Wealthy young people rate changing the world alongside profit – report


27 March 2013

Wealthy young entrepreneurs rate changing the world alongside maximising their profits, according to a new report based on groundbreaking research into the attitudes of the global rich.
More than two out of five (42%) people aged under 30 believe that campaigning for important social issues is at least as important as making profits, compared with 26% of the over 45s according to a survey of wealthy entrepreneurs around the world.
The findings, from global surveys by the Scorpio Partnership, are highlighted in a new report by the Charities Aid Foundation.
The report found 71% of wealthy people under 30 rate social responsibility as an important influence on their investment decisions, compared with 63% of over 45s.
It also found that 65% of wealthy people under 30s rated charitable activity as an important part of their wealth creation, compared with 58% of over 45s.
Scorpio surveyed people in 98 countries each with an average net worth of more than £1.5m, including the UK, USA, Australia, Canada, Singapore and Malaysia. Scorpio’s ongoing research into the giving motivations and habits of wealthy donors around the world looked at money attitudes of those under 30 and those over 45.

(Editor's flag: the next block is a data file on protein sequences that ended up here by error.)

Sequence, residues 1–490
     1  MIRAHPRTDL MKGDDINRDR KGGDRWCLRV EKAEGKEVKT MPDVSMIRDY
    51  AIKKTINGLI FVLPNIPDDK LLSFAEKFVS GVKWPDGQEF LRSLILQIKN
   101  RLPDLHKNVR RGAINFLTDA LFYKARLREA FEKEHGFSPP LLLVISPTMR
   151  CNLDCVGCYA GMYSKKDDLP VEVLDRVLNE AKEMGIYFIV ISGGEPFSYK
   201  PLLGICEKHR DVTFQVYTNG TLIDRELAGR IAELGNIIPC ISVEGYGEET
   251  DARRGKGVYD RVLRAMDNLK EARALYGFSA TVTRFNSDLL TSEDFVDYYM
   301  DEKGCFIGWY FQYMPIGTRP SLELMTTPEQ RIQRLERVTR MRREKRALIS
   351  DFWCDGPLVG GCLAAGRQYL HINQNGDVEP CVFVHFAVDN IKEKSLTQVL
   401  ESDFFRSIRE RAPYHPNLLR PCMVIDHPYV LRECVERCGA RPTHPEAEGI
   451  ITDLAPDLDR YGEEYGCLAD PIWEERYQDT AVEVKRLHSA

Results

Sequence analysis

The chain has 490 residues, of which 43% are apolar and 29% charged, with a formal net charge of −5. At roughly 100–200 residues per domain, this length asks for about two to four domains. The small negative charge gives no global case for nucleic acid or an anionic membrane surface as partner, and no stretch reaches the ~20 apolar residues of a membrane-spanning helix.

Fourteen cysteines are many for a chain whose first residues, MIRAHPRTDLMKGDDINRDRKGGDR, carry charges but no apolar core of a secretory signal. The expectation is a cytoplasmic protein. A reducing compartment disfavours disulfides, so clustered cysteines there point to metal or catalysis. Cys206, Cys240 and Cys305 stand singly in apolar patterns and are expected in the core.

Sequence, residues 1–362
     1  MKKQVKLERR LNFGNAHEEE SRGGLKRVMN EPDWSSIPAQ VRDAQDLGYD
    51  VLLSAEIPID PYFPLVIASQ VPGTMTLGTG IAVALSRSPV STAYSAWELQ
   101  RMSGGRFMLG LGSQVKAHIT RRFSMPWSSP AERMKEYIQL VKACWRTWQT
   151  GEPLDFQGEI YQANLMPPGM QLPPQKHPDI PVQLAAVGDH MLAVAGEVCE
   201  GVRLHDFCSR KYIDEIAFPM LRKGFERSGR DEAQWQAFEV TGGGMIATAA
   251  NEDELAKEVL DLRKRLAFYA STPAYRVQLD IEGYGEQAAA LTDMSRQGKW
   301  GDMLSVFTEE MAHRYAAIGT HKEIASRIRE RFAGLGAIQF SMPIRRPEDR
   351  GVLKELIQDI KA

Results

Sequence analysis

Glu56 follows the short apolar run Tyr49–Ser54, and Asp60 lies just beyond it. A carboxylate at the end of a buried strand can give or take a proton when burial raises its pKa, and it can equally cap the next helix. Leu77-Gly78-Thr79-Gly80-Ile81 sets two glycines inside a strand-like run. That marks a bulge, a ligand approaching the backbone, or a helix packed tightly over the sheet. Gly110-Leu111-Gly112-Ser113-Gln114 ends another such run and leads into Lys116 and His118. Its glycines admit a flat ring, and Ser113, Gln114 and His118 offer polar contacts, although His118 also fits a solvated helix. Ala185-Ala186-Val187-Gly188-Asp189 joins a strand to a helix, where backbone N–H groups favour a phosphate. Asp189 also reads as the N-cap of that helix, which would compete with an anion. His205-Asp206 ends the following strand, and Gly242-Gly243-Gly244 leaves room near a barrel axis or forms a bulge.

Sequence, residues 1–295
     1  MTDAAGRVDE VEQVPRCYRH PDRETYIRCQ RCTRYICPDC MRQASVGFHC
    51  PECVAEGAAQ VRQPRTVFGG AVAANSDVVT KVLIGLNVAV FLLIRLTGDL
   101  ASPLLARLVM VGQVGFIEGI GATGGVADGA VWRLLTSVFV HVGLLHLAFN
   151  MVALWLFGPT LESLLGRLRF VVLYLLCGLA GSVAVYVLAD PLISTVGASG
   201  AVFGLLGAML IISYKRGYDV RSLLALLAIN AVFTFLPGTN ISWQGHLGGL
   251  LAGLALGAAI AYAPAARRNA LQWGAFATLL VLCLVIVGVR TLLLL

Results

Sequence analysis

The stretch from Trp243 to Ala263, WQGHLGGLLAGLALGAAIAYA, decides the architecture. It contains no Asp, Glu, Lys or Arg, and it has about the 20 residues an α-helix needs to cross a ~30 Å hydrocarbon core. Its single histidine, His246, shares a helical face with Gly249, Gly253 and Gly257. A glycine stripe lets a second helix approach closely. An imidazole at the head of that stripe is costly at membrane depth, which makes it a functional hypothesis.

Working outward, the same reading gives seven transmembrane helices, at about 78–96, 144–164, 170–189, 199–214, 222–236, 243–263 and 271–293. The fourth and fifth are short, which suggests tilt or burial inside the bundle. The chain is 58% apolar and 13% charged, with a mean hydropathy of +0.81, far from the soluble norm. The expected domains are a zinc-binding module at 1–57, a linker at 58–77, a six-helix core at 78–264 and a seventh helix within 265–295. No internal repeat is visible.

The report, Catalysts for change, is the second in a series on the attitudes of a new generation of wealthy individuals. Research published by CAF last year found that the next generation of wealthy young philanthropists want to use their money to bridge the gap between rich and poor.
CAF's latest research includes examples of philanthropists and social entrepreneurs using strategic giving, social investment and new technology to make an impact on the causes they care about.
Paul Rees, Executive Director of the Charities Aid Foundation, said: “Many of the world’s wealthiest young people have a real desire to change the world and make a tangible difference to the causes they care about.
“It’s fantastic when people use their wealth as a force for good. We need a new generation of philanthropists to act as role models and show what can be achieved when you support others and make a real impact.
“In these tough economic times it is more important than ever to back charities and ensure we build a long term culture of giving in Britain.”

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